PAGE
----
Earth’s magnetic field will return, but we don’t know when

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Earth's magnetic field will return, but we don't know when

The Earth’s magnetic field plays an important role in protecting us from dangerous radiation, geomagnetic activity and solar emissions, which affect satellite communications and the operation of electrical grids. However, this protective magnetic field is always in motion and even to a point. Analyzing the small changes it undergoes can help us predict more sudden changes in the future.

A scientist from the University of Massachusetts Lowell, in the United States, analyzed an article published in The Conversation on the possible reversal of the Earth’s magnetic poles. It shows that although we know that the Earth’s magnetic field protects life on our planet and our infrastructure from harmful solar radiation, and that at the same time it can act and causing the magnetic poles to reverse we have yet to determine exactly when this profound change will take place.

For the physicist Ofer Cohen, the fact that the magnetic north pole moves a little is not something very serious, but the reversal of the magnetic field and the change of the poles can have a big impact on the climate of Earth and our modern technology. However, these changes do not happen immediately, but progressive for thousands of years. Do we now have the information needed to know where we are in that process?

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Electricity in motion

Basically, magnetic fields are created from electric charges in motion. We know that Earth is not the only planet with a magnetic field: gas giant planets like Jupiter have a hydrogen-conducting metallic layer, which creates its own magnetic field.

On Earth, the planetary magnetic field is activated due to the so-called “dynamo effect”. This concept shows that the Earth’s magnetic field is mainly generated by electric currents caused by the movement of ions of molten metals within the planet, especially in the region known as the Outer Core, located at a depth between 2,900 and 5,100 kilometers.

The movement of these conductive layers within the planets results in various consequences. Larger motions, such as large planetary rotations, lead to symmetrical magnetic fields, with a north pole and a south pole. However, these conductive layers may have some local irregular motion, due to regional turbulence or smaller currents which does not follow the pattern on a large scale.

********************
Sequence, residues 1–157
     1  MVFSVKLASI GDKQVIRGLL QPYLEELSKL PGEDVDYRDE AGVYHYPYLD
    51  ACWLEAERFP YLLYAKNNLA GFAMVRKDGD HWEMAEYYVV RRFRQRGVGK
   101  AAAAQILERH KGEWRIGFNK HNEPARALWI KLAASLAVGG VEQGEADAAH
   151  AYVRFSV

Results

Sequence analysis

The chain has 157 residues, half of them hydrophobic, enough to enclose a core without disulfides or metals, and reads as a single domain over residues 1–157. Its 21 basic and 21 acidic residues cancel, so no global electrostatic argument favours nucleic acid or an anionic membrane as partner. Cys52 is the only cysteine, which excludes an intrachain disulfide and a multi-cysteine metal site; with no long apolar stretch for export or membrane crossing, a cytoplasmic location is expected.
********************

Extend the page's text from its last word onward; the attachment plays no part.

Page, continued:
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These irregularities will show themselves in some small anomalies in the magnetic field of the planet or in places where the field deviates from the perfect dipole symmetry. the anomaly They are the most noticeable and cause concern, because some can be interpreted as the beginning of a deeper and more sudden change, which produces a change in the poles.

Can we predict the next investment?

The Earth’s magnetic field reverses on different time scales between 100,000 and 1,000,000 years. Scientists can tell how often it repeats by looking at volcanic rocks in the ocean: They get the orientation and strength of the Earth’s magnetic field when it was created, so dating these rocks gives and a good picture of how the magnetic field develops over time.

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But even if the changes in the field happen quickly from a geological point of view, they are very slow from the human point of view. The change usually takes several thousand years, but during this time the orientation of the magnetosphere can change and expose more of the Earth to the cosmic radiation. These events change the concentration of ozone in the atmosphere.

Scientists cannot say for sure when the next reversal of the magnetic field will occur, but it is possible to continue mapping and tracking the movement of Earth’s magnetic north. The precise measurement of these small changes may give us in the future some pattern to determine the origin of a more radical changes in the magnetic field.